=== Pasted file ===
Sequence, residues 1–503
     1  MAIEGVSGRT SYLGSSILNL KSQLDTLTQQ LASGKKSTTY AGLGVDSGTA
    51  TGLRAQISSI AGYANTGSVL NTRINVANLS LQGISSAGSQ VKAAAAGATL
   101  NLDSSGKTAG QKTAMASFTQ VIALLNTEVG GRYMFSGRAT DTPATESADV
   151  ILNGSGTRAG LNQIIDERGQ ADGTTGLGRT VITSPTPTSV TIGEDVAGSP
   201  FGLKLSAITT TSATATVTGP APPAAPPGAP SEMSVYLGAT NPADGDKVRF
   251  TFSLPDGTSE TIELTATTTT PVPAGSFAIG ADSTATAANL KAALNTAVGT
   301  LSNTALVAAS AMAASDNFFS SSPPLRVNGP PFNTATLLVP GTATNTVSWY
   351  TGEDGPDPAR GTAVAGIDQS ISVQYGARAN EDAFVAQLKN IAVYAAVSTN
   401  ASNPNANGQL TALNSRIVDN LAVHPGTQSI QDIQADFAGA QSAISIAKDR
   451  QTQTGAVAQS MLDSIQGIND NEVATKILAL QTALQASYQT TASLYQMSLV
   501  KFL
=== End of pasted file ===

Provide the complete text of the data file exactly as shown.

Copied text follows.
Sequence, residues 1–503
     1  MAIEGVSGRT SYLGSSILNL KSQLDTLTQQ LASGKKSTTY AGLGVDSGTA
    51  TGLRAQISSI AGYANTGSVL NTRINVANLS LQGISSAGSQ VKAAAAGATL
   101  NLDSSGKTAG QKTAMASFTQ VIALLNTEVG GRYMFSGRAT DTPATESADV
   151  ILNGSGTRAG LNQIIDERGQ ADGTTGLGRT VITSPTPTSV TIGEDVAGSP
   201  FGLKLSAITT TSATATVTGP APPAAPPGAP SEMSVYLGAT NPADGDKVRF
   251  TFSLPDGTSE TIELTATTTT PVPAGSFAIG ADSTATAANL KAALNTAVGT
   301  LSNTALVAAS AMAASDNFFS SSPPLRVNGP PFNTATLLVP GTATNTVSWY
   351  TGEDGPDPAR GTAVAGIDQS ISVQYGARAN EDAFVAQLKN IAVYAAVSTN
   401  ASNPNANGQL TALNSRIVDN LAVHPGTQSI QDIQADFAGA QSAISIAKDR
   451  QTQTGAVAQS MLDSIQGIND NEVATKILAL QTALQASYQT TASLYQMSLV
   501  KFL